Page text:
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Home / Money / Personal Finance /  Franklin Templeton MF marks down exposure to Essel, Reliance ADAG Group

On 9 March, Franklin Templeton Mutual Fund marked down its exposure to various Reliance ADAG and Essel Group companies by around 90%. The fund house holds debt issued by these companies across various debt schemes, secured by shares in group companies. The mark downs resulted in sharp drops in the Net Asset Value (NAV) of various Franklin Templeton schemes ranging from -0.36% in Franklin India Income Opportunities Fund to -3.27% in Franklin India Low Duration Fund. According to a note released by the fund house, this was due to a fall in the value of shares given as collateral against this debt. The mark downs are sharper than those taken by independent valuation agencies.

Scheme and its NAV fall (as of 9th March 2020)

  • Franklin India Low Duration Fund -3.27%
  • Franklin India Credit Risk Fund -1.54%
  • Franklin India Short Term Income Plan -1.19%
  • Franklin India Dynamic Accrual Fund -0.40%
  • Franklin India Income Opportunities Fund -0.36%


A note by the AMC pointed to the global stock market rout following the outbreak of the coronavirus. “Longer than expected time to monetize assets has increased dependency on listed share collateral for recovery. All these factors and due to continued stress in the issuer groups we have further marked down NCDs of Essel Infraprojects Ltd, Reliance Big Pvt. Ltd and Reliance Infrastructure Consulting & Engineering Pvt. Ltd to reflect the same at fair value," it said.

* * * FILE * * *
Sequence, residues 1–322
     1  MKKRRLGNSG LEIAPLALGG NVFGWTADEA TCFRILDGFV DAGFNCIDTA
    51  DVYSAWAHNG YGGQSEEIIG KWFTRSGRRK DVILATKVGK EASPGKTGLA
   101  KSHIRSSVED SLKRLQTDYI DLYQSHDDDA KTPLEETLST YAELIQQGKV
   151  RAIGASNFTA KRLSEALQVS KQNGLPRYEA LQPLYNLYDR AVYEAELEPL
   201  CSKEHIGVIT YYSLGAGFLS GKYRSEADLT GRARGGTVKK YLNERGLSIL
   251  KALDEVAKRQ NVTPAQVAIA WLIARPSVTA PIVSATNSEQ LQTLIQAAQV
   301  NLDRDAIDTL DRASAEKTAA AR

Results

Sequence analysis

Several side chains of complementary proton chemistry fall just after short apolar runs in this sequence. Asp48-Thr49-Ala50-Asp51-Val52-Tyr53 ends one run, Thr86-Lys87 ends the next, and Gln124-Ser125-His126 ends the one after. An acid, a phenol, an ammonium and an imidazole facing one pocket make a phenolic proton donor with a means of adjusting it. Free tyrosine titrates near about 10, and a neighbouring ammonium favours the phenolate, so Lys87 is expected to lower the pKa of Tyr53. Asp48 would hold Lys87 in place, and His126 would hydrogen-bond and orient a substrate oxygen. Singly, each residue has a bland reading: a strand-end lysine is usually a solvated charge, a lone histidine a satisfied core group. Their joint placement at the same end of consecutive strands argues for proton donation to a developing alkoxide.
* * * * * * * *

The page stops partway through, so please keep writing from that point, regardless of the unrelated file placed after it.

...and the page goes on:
The affected debt securities had already been downgraded to D or default status and had seen a write down. The current move by Franklin has simply increased the extent of the write down. Referring to the Reliance ADAG companies, the note said “earlier on February 24, 2020, the NCDs were valued based on a cumulative haircut of 72.99%. On March 09, 2020, FT has marked down the security by 95% of Face Value (FV) on a cumulative basis,". In case of Essel debt, the previous mark down was 50% (on 5th December 2019). This has now been increased to an 85% write down.

“Investors should be wary of credit risk funds. By credit risk I don’t just mean fund classified as credit risk but any fund following an aggressive credit risk strategy," said Amol Joshi, founder, Plan Rupee Investment Services. “Investors should follow asset allocation, even in debt," he added.

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